The patient was cured after the surgery. The patient needs to be followed 1 mo after operation. If there is no discomfort, the patient will be followed every half a year.

Case 2

Surgery was successful, and the patient was cured. The patient needs to be followed 1 mo after operation. If there are discomfort symptoms, the patient should see a doctor at any time.


The concept of osseous choristoma was first proposed in 1863[5]. Its etiology is unknown and is related to abnormal gene expression and mesenchymal development. Trauma or infection stimulates the bone morphologic proteins, which leads to heterotopic ossification and accelerates the disease progression[3,4]. However, osseous choristoma does not have any malignant metastatic tendency and can be present at birth. It develops rapidly in early childhood and then gradually stabilizes and ceases growth[5], and it may eventually be detected due to symptoms such as foreign body sensation or conjunctival congestion in the later adolescent years.

At present, there is no unified conclusion on the relationship between the occurrence and development of osseous choristoma and sex. Although it has been reported that young women tend to have a high incidence[4-7], the association with sex was not significant due to the small number of cases[2]. Additionally, osseous choristoma is observed more frequently in the right eye than in the left eye, and its sites are mainly distributed in the conjunctiva, sclera, and ophthalmic muscle, with most of them located in the fascia of the superior temporal quadrant[8-10], However, osseous choristoma occurring in the rectus muscle or eyelid is rare[6], and the frequency of these cases has not yet been statistically analyzed[1].

Since 2010, 296 cases of choristoma have been treated at our hospital, including 183 cases of dermoid cysts, 2 cases of osseous choristomas, 15 cases of osteoid lipomas, and 96 cases of dermoid tumors. The two cases of osseous choristoma, one female and one male patient, presented with a mass in the superficial sclera and eyelid, respectively. The prevalence of osseous choristoma in our hospital was 0.676%. Similar results were observed in a study conducted by Aldossary MM et al[2], in which among the 120 patients with myoblastoma of the ophthalmic surface, two had osteogenic myoblastoma, with a prevalence of 1.7%. Among the osseous choristoma cases in this study, one case was observed in a young woman, and it presented as a hard mass on the upper left temporal quadrant, which was in accordance with the previous reviews. CT imaging showed a high-density shadow, which was considered to be a dermoid tumor or lipoma, and a low-density focal area. Preoperative CT can be used to determine the properties and adhesion degree of the mass and the depth of the lesion resection. The treatment for osseous choristoma involves observation and surgical resection, with the surgical indications being foreign body sensation, irritative symptoms, and recurrent inflammation. In the study patients, the lesions were closely adhered to the sclera with poor activity, and surgical resection was performed for diagnostic and esthetic purposes[4].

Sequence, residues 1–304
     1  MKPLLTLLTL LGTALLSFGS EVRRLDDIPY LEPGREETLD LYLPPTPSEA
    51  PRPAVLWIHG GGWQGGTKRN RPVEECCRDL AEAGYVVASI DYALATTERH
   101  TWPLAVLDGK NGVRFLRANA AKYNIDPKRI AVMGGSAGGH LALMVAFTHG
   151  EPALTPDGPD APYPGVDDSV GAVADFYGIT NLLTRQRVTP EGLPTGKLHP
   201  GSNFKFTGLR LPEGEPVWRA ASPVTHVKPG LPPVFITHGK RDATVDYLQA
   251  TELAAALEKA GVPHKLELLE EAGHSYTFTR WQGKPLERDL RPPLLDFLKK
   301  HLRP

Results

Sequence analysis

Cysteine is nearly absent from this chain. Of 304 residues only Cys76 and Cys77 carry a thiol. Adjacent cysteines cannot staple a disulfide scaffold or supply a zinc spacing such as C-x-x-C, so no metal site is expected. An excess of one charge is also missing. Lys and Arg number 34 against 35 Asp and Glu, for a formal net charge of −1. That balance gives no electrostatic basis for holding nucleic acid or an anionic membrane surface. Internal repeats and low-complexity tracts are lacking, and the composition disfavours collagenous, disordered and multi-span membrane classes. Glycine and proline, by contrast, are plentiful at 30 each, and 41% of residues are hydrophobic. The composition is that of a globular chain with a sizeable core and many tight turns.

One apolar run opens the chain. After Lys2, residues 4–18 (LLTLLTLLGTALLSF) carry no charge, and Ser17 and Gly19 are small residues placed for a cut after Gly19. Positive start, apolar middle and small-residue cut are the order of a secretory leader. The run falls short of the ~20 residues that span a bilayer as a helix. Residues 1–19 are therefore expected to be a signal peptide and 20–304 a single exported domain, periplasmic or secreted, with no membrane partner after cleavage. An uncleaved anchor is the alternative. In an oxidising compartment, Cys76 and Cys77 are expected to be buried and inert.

The limitation of this case is that there are only two cases of epibulbar osseous choristoma, and the characteristics of osseous choristoma are not well summarized. In addition, the patients were not followed after surgery, so the postoperative outcome of the disease is unclear. Reviewing the previous literature, there are no large samples or long-term follow-up cases, so we suggest that the future study of osseous choristoma should increase the sample size to make statistical description of the primary sites, pathological features, prognosis and other aspects, so as to provide a clear diagnosis and outcome of the disease. Of course, special cases also deserve our attention.


We report two rare cases of osseous choristoma and their successful treatment. This study shows that clarifying the age, location, clinical manifestations, and CT findings of osseous choristoma can facilitate better diagnosis and guide further surgical treatment.


Provenance and peer review: Unsolicited article; Externally peer reviewed.

Peer-review model: Single blind

Specialty type: Ophthalmology

Country/Territory of origin: China

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P-Reviewer: Hosseini MS S-Editor: Ma YJ L-Editor: Wang TQ P-Editor: Ma YJ